Sweating in Advance: Practice, Practice, Practice

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Honest Abe, known for one of the most-remembered speeches of all time, was fond of saying he needed two weeks to write a 20-minute speech, one week for a 40-minute speech, but concluded, “I can give a two-hour rambling talk right now.”

And trust Mark Twain to make a point in way we’ll all remember. He said, “It takes three weeks to prepare a good ad-lib speech.”

Speaking succinctly, packing power into a few well-chosen words, conveying a significant message with brevity and impact – all that takes is preparation. Some of us like to think we can wing it, and we rationalize that belief in a number of ways. After all, don’t we know our own opinion? Don’t we talk about the subject all the time? Don’t we want to sound spontaneous?

Yes, yes, and yes.

Can’t we do that best if we’re speaking off the cuff?

No, no and no. At least, not very often. Eventually, the person who relies on winging it will crash and burn.

Think of it this way. A sandlot game doesn’t require a lot of preparation. It’s all in fun and there’s no trophy – or raise or promotion – hanging in the balance. But if we want to take our game beyond the sandlot, if we want to head for the majors, take it to the playoffs, we’ve got to prepare for it.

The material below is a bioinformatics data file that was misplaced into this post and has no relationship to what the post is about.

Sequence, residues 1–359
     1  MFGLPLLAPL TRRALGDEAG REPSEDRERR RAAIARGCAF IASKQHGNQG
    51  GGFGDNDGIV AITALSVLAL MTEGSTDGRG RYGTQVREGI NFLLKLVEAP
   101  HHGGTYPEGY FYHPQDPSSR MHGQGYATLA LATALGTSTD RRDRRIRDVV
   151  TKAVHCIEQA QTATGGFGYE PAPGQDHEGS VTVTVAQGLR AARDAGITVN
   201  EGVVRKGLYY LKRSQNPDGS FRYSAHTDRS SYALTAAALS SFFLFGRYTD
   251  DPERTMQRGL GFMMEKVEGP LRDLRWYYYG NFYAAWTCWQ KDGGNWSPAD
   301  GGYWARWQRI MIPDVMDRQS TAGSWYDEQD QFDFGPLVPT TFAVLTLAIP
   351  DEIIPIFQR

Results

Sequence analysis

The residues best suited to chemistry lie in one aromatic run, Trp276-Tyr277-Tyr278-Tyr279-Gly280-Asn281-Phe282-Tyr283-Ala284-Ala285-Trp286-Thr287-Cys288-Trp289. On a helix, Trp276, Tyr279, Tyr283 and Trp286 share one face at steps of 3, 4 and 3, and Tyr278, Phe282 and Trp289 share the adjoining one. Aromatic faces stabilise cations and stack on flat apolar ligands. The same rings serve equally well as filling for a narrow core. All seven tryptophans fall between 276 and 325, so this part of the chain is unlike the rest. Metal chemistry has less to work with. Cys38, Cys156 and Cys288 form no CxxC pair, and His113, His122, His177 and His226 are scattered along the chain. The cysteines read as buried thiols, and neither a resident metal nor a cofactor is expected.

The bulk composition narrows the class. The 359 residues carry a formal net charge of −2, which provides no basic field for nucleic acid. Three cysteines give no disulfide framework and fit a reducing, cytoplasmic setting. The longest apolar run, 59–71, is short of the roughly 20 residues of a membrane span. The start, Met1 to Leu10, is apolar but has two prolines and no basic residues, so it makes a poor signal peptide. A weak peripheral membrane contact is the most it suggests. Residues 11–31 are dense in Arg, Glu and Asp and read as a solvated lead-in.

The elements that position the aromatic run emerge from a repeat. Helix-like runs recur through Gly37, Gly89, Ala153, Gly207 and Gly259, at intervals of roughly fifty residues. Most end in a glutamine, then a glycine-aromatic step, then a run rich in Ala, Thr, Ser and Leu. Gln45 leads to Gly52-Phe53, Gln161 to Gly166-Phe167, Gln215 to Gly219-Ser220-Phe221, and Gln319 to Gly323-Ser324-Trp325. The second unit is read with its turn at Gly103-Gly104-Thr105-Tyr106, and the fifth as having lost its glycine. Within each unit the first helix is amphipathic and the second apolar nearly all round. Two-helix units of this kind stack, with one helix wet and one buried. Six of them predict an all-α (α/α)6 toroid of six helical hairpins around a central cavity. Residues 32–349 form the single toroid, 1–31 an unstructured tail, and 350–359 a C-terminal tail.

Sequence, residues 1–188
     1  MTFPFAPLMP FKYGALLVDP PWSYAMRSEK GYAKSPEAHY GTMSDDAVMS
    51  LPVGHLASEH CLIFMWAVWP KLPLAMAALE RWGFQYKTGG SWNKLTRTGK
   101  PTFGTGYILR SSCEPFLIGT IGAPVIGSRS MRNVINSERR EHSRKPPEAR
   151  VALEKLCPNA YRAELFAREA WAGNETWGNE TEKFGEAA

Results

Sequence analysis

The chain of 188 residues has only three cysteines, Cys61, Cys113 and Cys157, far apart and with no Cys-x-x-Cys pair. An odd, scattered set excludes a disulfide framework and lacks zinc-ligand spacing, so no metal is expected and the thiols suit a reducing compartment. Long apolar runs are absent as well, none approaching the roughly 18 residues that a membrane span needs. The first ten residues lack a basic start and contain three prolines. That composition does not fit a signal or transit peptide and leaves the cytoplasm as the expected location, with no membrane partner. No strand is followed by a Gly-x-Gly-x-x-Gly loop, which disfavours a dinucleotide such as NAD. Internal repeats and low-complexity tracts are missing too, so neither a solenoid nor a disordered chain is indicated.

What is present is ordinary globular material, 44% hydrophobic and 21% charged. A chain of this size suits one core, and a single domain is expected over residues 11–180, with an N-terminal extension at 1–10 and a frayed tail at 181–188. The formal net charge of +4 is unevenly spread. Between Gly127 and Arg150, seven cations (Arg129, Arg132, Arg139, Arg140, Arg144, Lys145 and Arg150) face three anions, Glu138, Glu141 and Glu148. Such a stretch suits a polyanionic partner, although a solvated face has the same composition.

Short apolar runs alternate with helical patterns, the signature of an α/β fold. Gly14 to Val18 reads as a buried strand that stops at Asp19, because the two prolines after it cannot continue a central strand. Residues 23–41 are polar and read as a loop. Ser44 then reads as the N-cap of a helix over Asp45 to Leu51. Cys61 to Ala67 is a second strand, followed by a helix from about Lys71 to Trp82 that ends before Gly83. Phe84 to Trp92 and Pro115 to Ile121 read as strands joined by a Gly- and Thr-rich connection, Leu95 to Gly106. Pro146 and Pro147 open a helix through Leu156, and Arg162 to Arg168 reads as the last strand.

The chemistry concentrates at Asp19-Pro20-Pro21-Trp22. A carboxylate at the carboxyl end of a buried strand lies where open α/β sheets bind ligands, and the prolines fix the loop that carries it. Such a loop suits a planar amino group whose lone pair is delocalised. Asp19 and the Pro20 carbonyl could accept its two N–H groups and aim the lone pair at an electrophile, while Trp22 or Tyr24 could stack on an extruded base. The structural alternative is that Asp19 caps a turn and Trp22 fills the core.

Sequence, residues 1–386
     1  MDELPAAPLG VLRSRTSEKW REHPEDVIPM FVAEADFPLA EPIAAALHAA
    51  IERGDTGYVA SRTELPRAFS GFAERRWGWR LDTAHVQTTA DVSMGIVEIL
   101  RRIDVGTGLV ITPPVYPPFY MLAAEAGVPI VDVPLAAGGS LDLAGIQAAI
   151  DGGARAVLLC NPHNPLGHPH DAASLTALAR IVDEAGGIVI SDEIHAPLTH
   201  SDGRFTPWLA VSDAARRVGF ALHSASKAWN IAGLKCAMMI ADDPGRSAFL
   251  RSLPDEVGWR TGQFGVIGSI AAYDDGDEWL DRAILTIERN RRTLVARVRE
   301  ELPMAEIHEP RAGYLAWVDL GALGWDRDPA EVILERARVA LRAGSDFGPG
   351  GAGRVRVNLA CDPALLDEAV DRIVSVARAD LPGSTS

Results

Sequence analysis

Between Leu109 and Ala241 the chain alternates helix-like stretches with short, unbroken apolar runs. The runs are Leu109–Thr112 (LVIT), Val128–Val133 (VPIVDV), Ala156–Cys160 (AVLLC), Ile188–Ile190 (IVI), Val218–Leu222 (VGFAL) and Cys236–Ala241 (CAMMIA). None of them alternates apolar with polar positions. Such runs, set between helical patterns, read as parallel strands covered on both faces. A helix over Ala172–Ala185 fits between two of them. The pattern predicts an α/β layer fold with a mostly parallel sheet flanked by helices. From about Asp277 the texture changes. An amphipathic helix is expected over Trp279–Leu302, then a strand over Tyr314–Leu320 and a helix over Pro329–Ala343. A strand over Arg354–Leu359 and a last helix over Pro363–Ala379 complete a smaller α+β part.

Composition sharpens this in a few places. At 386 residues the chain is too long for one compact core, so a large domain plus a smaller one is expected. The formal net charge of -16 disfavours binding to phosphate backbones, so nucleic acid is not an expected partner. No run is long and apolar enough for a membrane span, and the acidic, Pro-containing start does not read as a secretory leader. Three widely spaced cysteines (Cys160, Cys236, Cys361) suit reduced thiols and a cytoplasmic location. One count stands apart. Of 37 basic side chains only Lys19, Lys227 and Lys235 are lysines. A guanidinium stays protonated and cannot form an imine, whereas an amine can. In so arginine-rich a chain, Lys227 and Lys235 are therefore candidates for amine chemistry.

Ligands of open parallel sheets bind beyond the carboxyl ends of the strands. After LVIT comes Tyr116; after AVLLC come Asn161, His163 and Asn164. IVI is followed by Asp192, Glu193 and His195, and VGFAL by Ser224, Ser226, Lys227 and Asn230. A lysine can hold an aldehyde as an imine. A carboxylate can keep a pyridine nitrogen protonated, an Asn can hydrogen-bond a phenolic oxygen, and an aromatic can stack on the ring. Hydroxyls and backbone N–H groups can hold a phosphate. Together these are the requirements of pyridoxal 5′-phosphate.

Let us tell you about a letter we received from an ESI graduate. She was interviewing for a promotion within her present company. Like all the candidates, she was asked to prepare a 15-minute presentation on how her skills met the job requirements, why she was the best choice, that kind of thing.

“I very carefully prepared what I wanted to say, and rehearsed it many times, both on my own and in front of others,” Jennifer said. “During the interview I was poised and relaxed… and remembered to say all the things I wanted to say.”

Here’s the feedback she received.

“The interviewers told me that in all their years of interviewing, they had never had anyone be so eloquent and poised without using any notes. The feedback on how well I did presenting myself made me feel very much like a winner.”

She is, indeed, a winner. And the perfect example of what sports reporter George Plimpton meant, in an article on preparing for speech, when he said, “The more you sweat in advance, the less you’ll have to sweat once you appear on stage.”


If you’re serious about advancing your skills and making an investment in yourself, we invite you to our Excellence in Speaking Institute. Classes are filling up quickly so don’t delay! Visit this page to read feedback from our graduates about their experience.